There is no law requiring you work until retirement age. Technically, there is no law requiring you work at all. But, I will assume you have bills to pay and you work to live (or live to work). In the United States, the average retirement age is 65 for men and 63 for women.
The FI/RE Movement or Financial Independence / Retire Early Movement is for individuals who decide to pursue financial independence as early as possible. In this post, I will cover one way to define financial independence, how to calculate your own FI/RE Number, and how to accelerate your roadmap to FI/RE.
What is Financial Independence?
This is an existential question, like “what is the meaning of life?” I can answer neither of these questions for you. Financial Independence is as much a number as it is a state of mind. As humorist Leo Rosten quipped, “money can’t buy happiness, but neither can poverty.”
For the purposes of this post, however, I will define financial independence mathematically. With this assumption in mind, the easiest way to calculate your financial independence number is to multiply your annual expenses by 25 (or divide them by 4% if you want to apply The Four Percent Rule).
There have been many studies on this assumption, but the simplest explanation is that if you save 25x your annual expenses you can “safely” withdraw up to 4-percent of your invested savings each year of retirement without running out. Everyone’s circumstances are unique. For example, it is possible you might live to 1,000 years old. But it is not very plausible.
As an auditor by trade, I like to play the probability. We can safely assume that 25x your annual expenses is a comfortable financial independence goal for 95% of the population (that doesn’t live to 1,000 years old). For ease, I’ve quickly calculated these assumptions for you in the following figure.
What Is Your FI/RE Number?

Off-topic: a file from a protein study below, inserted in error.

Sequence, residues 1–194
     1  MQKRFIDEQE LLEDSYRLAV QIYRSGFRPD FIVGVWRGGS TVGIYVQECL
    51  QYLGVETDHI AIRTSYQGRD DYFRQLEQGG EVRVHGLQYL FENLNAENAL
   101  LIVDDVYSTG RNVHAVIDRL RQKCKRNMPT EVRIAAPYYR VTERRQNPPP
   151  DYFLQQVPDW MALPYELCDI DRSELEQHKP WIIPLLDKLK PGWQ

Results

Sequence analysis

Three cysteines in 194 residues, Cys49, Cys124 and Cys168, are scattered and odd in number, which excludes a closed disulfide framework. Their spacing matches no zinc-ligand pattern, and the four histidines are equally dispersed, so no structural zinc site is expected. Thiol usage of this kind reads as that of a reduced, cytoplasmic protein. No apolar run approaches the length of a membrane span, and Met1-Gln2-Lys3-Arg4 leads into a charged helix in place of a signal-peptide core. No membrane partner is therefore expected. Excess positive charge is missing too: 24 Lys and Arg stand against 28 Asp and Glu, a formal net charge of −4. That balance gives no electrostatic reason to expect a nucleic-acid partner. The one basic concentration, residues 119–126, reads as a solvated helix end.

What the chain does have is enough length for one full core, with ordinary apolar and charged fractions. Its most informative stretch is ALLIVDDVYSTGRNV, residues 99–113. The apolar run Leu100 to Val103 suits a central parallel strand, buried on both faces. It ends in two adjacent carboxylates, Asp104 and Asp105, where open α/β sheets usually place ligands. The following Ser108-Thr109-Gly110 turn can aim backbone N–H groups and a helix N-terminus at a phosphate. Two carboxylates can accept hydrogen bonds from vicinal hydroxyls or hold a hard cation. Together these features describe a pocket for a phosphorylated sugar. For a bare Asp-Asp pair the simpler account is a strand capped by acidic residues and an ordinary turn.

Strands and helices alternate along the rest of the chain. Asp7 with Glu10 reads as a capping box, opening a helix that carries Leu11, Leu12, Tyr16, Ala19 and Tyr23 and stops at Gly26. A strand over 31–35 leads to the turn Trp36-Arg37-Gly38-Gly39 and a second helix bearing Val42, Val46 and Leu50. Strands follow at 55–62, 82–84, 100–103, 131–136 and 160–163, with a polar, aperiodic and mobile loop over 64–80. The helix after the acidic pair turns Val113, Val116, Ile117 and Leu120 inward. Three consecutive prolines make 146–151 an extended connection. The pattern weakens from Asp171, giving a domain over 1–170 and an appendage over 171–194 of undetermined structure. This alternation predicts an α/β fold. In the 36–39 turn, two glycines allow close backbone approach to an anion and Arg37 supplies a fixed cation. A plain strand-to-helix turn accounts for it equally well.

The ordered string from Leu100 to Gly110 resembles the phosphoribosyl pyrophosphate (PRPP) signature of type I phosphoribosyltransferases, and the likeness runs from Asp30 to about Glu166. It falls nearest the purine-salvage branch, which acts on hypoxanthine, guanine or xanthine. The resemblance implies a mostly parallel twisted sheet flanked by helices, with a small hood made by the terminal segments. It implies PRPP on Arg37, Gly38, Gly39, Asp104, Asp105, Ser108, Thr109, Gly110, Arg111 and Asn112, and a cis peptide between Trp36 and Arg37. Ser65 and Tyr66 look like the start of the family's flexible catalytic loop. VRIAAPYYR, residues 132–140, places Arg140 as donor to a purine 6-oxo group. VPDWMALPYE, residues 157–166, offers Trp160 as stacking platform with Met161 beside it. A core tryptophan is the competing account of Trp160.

According to the US Census Bureau, the average employee will earn $2.7 million in their lifetime. This is more than enough income for most individuals to save enough to reach their FI/RE Number if they choose.
Now that you know how to calculate your financial independence, let’s define what it means to “retire early.” If the average retiree in the United States is over 60 years of age, then let’s assume any age at least 10-years (or earlier) than 60 can be loosely defined as “retiring early.”
For example, both of my parents retired in their 50s. I can safely say that my parents have never heard of the FI/RE Movement and although I have been working and writing in personal finance for nearly a decade, they still think most of what I do is completely made up of fantasy and fake-friends that allegedly “follow” me online. To them, my entire career is a financial catfish.
Despite their doubts and opinions of my “work,” both of my parents still met the technical definition of The FI/RE Movement. This proves at least one thing: you can accidentally reach FI/RE by simply working a traditional 9 to 5 and responsibly saving and investing at least 20-percent of your income every month in a retirement account. Mathematically, it is that simple. Emotionally—and in reality—it is difficult to commit to save 20-percent of your income over a 40-year period of your life.